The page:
Once you’re out of college, avoid the urge to go into debt for all the things you (correctly) told yourself you couldn’t afford in college like the brand new car, the once in a lifetime cruise, or the fancy apartment. If you want to pay your student loans off without stressing yourself out, you should avoid taking on more debt.

Part of avoiding going into debt is being prepared for life’s unexpected expenses. While the money you put in your emergency savings fund could be spent paying off your student loans, it’s important that you keep some money set aside for emergencies. That way you can replace your suddenly broken car transmission with cash rather than putting the expense on a high-interest rate credit card.


Receive a $500 bonus for your performance at work? Celebrate with a nice dinner and put the rest of the money toward your student loans. Make it a habit to use at least part of any sudden windfall to pay off your student loans in order to get them paid off faster.

Those looking to accelerate their student loan repayments often turn toward side hustles and picking up extra hours at work. A side income can be a great way to chip away at the balance of your student loans; it can also be useful when life throws other financial hurdles at you like a flat tire or a broken air conditioner.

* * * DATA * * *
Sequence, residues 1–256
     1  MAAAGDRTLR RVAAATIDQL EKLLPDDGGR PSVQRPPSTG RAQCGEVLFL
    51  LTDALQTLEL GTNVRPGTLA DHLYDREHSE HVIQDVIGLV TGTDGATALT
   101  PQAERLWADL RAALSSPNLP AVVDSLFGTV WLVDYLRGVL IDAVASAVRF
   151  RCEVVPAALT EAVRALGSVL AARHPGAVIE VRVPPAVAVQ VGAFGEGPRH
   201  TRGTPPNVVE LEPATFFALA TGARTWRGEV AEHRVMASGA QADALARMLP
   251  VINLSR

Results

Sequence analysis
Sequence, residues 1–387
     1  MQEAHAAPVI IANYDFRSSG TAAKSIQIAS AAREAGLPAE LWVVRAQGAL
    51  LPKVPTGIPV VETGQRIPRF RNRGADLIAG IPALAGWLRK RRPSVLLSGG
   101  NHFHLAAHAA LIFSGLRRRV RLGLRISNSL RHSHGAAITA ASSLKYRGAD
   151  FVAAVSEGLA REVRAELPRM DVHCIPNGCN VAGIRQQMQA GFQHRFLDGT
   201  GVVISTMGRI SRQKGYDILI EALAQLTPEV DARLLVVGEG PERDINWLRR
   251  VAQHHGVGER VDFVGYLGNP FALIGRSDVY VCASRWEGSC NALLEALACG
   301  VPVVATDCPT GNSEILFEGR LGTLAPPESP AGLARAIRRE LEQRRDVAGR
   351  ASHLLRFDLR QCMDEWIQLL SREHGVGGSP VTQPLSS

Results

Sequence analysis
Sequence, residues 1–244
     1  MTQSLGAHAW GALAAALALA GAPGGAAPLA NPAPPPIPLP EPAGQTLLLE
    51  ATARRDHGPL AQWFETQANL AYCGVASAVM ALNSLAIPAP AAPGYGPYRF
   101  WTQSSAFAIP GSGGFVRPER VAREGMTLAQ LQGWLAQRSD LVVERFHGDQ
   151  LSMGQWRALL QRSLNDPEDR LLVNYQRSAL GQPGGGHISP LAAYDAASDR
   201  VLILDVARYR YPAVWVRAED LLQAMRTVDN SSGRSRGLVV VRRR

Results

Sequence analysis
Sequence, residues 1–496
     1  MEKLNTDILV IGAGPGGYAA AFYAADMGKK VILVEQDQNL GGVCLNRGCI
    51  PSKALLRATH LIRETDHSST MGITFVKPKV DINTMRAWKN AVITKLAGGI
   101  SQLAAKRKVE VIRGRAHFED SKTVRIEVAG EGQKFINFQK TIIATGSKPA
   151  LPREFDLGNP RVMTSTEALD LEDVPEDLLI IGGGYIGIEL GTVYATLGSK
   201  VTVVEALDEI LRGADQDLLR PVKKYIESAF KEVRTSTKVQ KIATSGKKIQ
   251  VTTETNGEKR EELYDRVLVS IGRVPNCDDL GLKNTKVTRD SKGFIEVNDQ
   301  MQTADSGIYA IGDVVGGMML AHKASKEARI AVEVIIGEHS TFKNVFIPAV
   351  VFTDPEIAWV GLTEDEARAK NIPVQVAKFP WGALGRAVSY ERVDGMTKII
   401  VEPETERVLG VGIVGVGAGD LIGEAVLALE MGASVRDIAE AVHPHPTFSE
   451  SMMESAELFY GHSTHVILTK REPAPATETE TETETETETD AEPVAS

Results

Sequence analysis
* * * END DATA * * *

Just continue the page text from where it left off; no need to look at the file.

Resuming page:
Managing Your Student Loans Successfully

Overall, handling your student loans and paying them off successfully boils down to knowing what you’re dealing with and having a plan of action. When you’re armed with the knowledge of how much you owe and how to best pay it off, you can pay off your student loans relatively stress-free.

However, our WeAdmit counselors understand that student loans are nobody’s first choice. We work with our students to explore all their financial aid options, consider cost-effective college choices, and find the best student loan resources. If you’re unsure of what the next step in your college admission journey is, let alone how you’re going to pay for it, our counselors are here to help.

Grab A Calculator And Pen; It’s Time To Get Your Student Loans Straightened Out!